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A Conversation

Effective Face-to-Face Communication

By Sue Gench


Stacy: My boss is impossible to talk to when there is a problem.

Bobby: What'd you mean he's impossible to talk to?

Stacy: He doesn't listen what I have to say. When I talk, he interrupts. He's always right.

Bobby: Hmm. Did you ever try to talk to him when he is not under pressure?

Stacy: Of course, I did. He has this attitude "You dare criticize me." He sounds so angry whenever I speak up my mind.

Bobby: How do you talk to him? What's your strategy? Do you listen to him with empathy?

Stacy: I always listen to people without interrupting them.

Bobby: That's not what I mean. I mean: do you give him this impression? "I understand you. Yes, you have a point."

Stacy: When I don't understand him, I can't say "I understand you."

Bobby: I didn't say you should agree with him when you don't.

Stacy: What'd you mean then?

Bobby: Your verbal and body language must convey a positive message to him.

Stacy: How?

Bobby: You listen to him with empathy. Listening with empathy means: putting yourself in other person's situation; understanding his/her situation.

Stacy: I know its meaning. Go ahead. What'd you mean by right body language?

Bobby: Body language means the way we use our body movements or gestures in addition to verbal language.

Stacy: How can I listen with empathy and have a right body language?

Bobby: Well. People react positively when we listen to them with empathy and have a right body language.

Stacy: If he doesn't sound positive, that means I am not listening with empathy and don't have the right body language? Is that what you mean?

Bobby: The tone of your voice, the way you use your hands, you lean forward, have eye-contact, all that counts for body language.

Stacy: My voice? I just say politely what I think. I always have a steady tone of voice. My body language is just the way I am, respectful but honest.

Bobby: Being polite, honest or having a steady tone of voice are not enough for effective communication. You must have the right body language.

Stacy: Explain more. What'd you mean by right body language?

Bobby: You can speak up your mind with a soft tone of voice, by sounding like you are suggesting your opinion rather than being blatant. You lean forward that makes you look receptive. In addition, try to be empathetic.

Stacy: Hmm. Blatant sounds an appropriate word for my body language. I sit straight and say what I think. Well, I'm perhaps tactless when I speak up my mind.

Bobby: That might be the core of your problem.

Stacy: But, that's my nature. I don't have a soft temperament.

Bobby: Sounding empathetic has nothing to do with your nature. It has to do with your body language. You can cultivate body language appropriate for the situation.

Stacy: I'm no longer a kid around the block. How can I cultivate it?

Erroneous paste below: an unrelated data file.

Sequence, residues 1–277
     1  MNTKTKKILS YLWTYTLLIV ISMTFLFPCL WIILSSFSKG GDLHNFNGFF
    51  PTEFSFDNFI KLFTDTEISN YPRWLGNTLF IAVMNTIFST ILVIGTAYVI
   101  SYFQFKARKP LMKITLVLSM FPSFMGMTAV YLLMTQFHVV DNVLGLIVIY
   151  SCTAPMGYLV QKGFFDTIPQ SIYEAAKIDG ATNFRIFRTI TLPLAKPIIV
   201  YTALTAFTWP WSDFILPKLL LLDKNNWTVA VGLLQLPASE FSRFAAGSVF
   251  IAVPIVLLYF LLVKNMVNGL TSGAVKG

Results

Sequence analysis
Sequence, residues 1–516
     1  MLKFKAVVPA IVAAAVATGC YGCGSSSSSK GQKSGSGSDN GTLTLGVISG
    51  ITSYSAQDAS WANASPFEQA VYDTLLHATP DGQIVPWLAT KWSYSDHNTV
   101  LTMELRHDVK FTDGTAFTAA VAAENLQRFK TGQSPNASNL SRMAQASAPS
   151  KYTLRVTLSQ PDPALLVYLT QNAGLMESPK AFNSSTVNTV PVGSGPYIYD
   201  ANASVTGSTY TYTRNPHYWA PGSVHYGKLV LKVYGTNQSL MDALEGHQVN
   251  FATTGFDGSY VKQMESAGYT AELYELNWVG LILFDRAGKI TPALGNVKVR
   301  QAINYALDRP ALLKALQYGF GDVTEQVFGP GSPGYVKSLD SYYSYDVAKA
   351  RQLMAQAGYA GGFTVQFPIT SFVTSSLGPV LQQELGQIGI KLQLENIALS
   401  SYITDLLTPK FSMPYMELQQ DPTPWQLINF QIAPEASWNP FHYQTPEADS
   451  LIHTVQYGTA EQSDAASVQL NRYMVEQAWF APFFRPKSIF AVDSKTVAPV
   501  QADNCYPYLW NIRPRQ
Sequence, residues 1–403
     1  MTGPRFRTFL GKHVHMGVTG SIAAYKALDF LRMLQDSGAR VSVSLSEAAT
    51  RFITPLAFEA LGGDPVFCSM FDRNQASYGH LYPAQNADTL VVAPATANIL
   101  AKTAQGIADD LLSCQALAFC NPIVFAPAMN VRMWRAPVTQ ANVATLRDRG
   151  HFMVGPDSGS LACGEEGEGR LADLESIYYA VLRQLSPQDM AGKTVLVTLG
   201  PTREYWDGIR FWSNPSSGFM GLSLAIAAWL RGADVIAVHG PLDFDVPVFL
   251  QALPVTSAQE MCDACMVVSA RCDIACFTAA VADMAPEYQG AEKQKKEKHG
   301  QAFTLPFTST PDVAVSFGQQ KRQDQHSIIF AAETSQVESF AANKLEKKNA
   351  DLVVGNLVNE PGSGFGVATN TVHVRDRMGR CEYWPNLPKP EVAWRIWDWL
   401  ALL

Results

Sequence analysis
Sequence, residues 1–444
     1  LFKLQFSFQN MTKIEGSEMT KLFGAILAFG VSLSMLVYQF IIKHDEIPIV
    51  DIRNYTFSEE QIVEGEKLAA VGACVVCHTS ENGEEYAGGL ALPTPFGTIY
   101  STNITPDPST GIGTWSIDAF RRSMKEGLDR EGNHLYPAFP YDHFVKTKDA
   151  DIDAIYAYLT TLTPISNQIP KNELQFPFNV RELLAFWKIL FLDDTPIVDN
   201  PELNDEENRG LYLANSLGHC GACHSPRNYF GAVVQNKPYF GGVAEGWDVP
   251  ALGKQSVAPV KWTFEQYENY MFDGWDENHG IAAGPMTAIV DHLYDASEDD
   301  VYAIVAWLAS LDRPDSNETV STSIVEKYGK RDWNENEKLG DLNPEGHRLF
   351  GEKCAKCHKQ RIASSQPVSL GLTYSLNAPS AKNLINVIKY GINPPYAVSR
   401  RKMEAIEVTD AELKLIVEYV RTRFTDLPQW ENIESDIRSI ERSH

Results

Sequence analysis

Bobby: Hmm. I think you can begin with this idea: "Never assume you are absolutely right before you listen." We never are absolutely right even in most obvious situations. Therefore, in communication there is no such a thing as either black or white.

Stacy: This is interesting. I mostly believe if I'm right, I am right! Then I speak up my mind.

Bobby: That's not right, Stacy. Your being self-righteous may make you sound rigid. When we are rigid, we don't have a positive body language. We don't show empathy. We don't make the other person feel he is well-worth being listened to.

Stacy: Stop for a moment. If I have a right body language and listen with empathy, will he listen to me? Even though I disagree with him?

Bobby. Of course. He will do much better than now.

Stacy: OK. I should have empathy and positive body language, and what else?

Bobby: Well, there is a lot to it, of course. But we can wrap it up for now as: Listen with empathy; have a positive body language.

Stacy: Let me ask you once more. Positive body language refers to having soft manners, being polite, perhaps putting a smile on my face?

Bobby: Yap. All that counts. We also need to have eye contact with a person we're talking with.

Stacy: Yeah. I know that rule.

Bobby: But, you must pay extra attention to it that you are having eye contact when talking to the person.

Stacy: Ok. I understand what you're saying. What else?

Bobby: As far as I can think of anything else, why not ask questions?

Stacy: I like that. Actually, I always ask questions. People complement me on that. They say I listen carefully and ask good questions.

Bobby: See you've got that one right. You can also ask him for confirmation. By rephrasing what he said then ask: Is that what you mean?

Stacy: Wow! Keep talking.

Bobby: If you ask for confirmation, he will be much easy to talk to.

Stacy: My Goodness. I've learned something today. Thanks, Bobby, so much.

Bobby: You're welcome, Stacy.


face-to-face: in person; adjective and adverb. Talking or meeting with somebody in person; opposite of online communication, communication over the phone; internet communication

communication: Exchanging ideas in a language by way of speaking to other person or writing other person or calling other person, or emailing other person

effective: adjective. Capable of producing a desired outcome

talk with: prepositional verb. To talk with someone. Use 'with' if you are having a conversation; use talk to if you have something to let other person know

interrupt: transitive verb. To cut in and talk before waiting other person to finish talking

under pressure: preposition + adjective. under stress

have an attitude: idiomatic phrase. To show a disagreeable behavior, talk disagreeably, act disagreeably

You dare + verb: We use this verbal phrase when we warn the person not to do something too costly. "You dare come home late when I cook and wait for you." This sentence means this: "If you come home late, I will not serve you dinner, you will have no dinner."